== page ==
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DETERMINATION OF PURITY AND ACID DISSOCIATION

CONSTANT OF POTASSIUM HYDROGEN PHTHALATE BY


POTENTIOMETRIC TITRATION
S.A.P. SAAVEDRA1, J. C. VILLASIS2
1
NATIONAL INSTITUTE OF PHYSICS, COLLEGE OF SCIENCE
2
DEPARTMENT OF FOOD SCIENCE AND NUTRITION, COLLEGE OF HOME ECONOMICS
UNIVERSITY OF THE PHILIPPINES, DILIMAN, QUEZON CITY, PHILIPPINES
DATE PERFORMED: JULY 5, 2016
INSTRUCTORS NAME: GARRERO, M.J.

1. What
are
the
significant
regions in the titration curve?
Relate the characteristics of
each region to the pH results
obtained.
Normal Titration Curve
Pre-equivalence point is the area
where the plot is concave up. A series
of weak acid buffer system determines
the pH of the solution (HA H+ + A-).
Equivalence point is represented by
the inflection point of the plot. It
indicates a rapid change in pH in a
small amount of volume. Hydrolysis of
the anion of the weak acid determines
the pH of the solution (predominating
species is A-).
Post-equivalence point is the area
where the plot is concave down.
Excess strong base determines the pH
of the solution (predominating species
are A- and OH-).

First and Second Derivative Curve


Through
extrapolation,
the
equivalence point can be obtained
from the first and second derivative
curve. Plotting the change of pH with
respect to volume forms the First
Derivative Curve. From the normal
curve, the equivalence point is when
the slope is maximum, thus, a spiked
curve should appear and its peak
representing the equivalence point.
Uncertainty arises, but can be avoided
by plotting a Second Derivative Curve
1
.
Mathematically,
the
second
derivative should pass through zero at
the equivalence point.
2. Why is continuous stirring
important in potentiometric
titration?
Continuous stirring is important in
order
to
keep
the
solution
homogeneous. It also ensures that the
change in pH detected by the pH

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meter accounts the whole pH of the


solution and not just the part nearest
the electrode.
3. Why should the increments of
addition of titrant be narrowed
down
as
the
titration
approaches the equivalence
point?

5. Discuss
possible
reasons
behind the discrepancies (if
any) in the experimental and
theoretical pKa values?
Note that at half-equivalence point,

A
. Thus, using activites, Ka
[ HA ]
becomes,

As the equivalence point is


approached, larger volumes of titrant
could affect the sharpness of the
curve. With smaller volumes, a better
curve with more accurate data points
can be taken 2.

H 3 O+

With potentiometric titrations, the


amount of volume of titrant used for
weak acids is the same as that of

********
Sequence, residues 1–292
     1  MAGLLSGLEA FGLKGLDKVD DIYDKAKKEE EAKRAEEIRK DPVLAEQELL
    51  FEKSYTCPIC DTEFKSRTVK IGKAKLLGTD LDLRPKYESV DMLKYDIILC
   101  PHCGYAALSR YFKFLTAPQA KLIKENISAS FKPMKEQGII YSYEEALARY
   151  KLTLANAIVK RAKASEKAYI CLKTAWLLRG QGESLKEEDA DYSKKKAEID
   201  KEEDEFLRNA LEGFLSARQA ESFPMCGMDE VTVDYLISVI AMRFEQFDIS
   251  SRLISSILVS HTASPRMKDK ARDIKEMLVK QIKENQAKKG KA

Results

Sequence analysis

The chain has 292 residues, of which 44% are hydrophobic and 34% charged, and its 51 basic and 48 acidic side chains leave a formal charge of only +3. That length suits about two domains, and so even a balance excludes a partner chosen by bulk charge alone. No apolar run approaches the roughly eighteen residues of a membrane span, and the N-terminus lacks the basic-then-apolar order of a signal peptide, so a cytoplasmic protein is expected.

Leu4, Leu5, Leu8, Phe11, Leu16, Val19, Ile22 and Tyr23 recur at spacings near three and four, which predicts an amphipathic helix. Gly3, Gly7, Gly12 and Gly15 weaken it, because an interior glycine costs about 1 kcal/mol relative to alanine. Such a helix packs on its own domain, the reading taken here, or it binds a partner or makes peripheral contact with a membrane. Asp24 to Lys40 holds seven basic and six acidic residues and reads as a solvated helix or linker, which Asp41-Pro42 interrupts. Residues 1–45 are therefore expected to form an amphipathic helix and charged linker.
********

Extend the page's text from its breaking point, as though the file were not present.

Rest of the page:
strong ones since the number of
titratable protons is taken into
account,
and
not
the
actual
concentration. Potentiometric titration
deals with the potential between the
electrodes and relating the volume of
the titrant to the pH. It is also more
advantageous since it helps reduce
systematic
error
such
as
colorblindness.

a
A
H 3 O +
a
K a =

4. Why
is
potentiometry
a
suitable
method
for
determining pKa of weak acids?
Noting that weak acids do not
dissociate
completely,
normal
titrations involving physical indicators
are not as accurate as when used with
a strong acid-strong base reaction.
This is due to the formation of a weak
acid-strong base buffer that prevents
reaction to indicator and a change in
color.

A
HA

[1]

Since the glass electrode gives a


good

estimate

of

H 3 O+
,
a

the

difference between the measured pKa


and the theoretical pKa only comes
from the ratio of the activity
coefficient of A- to the activity
coefficient of HA 3.

exp
A

a K a HA

[2]

As
electrolyte
concentration
increases, the activity coefficient of HA
does not change significantly because
HA is a neutral species. However, the
activity coefficient of A- does decrease.

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This makes the

exp
a

metal ions

to increase and

the experimental pH to decrease. In


effect the experimental pKa is also
lower than the theoretical.
6. What are the possible sources
of errors and their effect on the
calculated
parameters?
Rationalize.
Some possible sources of error
throughout the experiment and their
effect on parameters are discussed in
Table 1 below.
TABLE 1. Possible Sources of
Errors and its Effect on Calculated
Parameters
Source of
Error
Dehydration
of electrode

Parameter and
Error
Causes
erratic
electrode
performance
and
having fluctuations in
pH reading.

Inaccuracy
of pH of the
standard
buffer

Inaccuracies
during
preparation, changes
during storage are
some of the cases
that make the pH of
the buffer erroneous,
thus
making
the
calibration erroneous
as well. Subsequent
pH measurements will
also be incorrect.

Alkaline
error

Gives a higher pH
reading at pH > 9 if
glass
electrode
respond
to
alkali

REFERENCES
[1]

Fattaleh, N. POTENTIOMETRIC
TITRATION OF A WEAK ACID, 2007.
http://web.clark.edu/nfattaleh/class
es/135/sp07/pottitrsp07.pdf
(accessed July 6, 2016).

[2] Nunag, I. G. J. POTENTIOMETRIC


DETERMINATION OF THE PURITY
AND DISSOCIATION CONSTANT OF
POTASSIUM
HYDROGEN
PHTHALATE; ATQ; Quezon City,
2015.
[3] Skoog, D. A. . W. D. M. . e. a.
Potentiometric
Titrations.
In
Fundamentals
of
Analytical
Chemistry, 8th ed.; Brooks/ColeThomson
Learning:
California,
2004; pp 623-627.
[4]

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Potentiometric Titration of an
Unknown Weak Monoprotic Acid,
2008. East Stroudsburg University.
http://www.asdlib.org/onlineArticles
/ecourseware/Gross_Potentiometry/
UnkAcidLab.pdf (accessed July 6,
2016).

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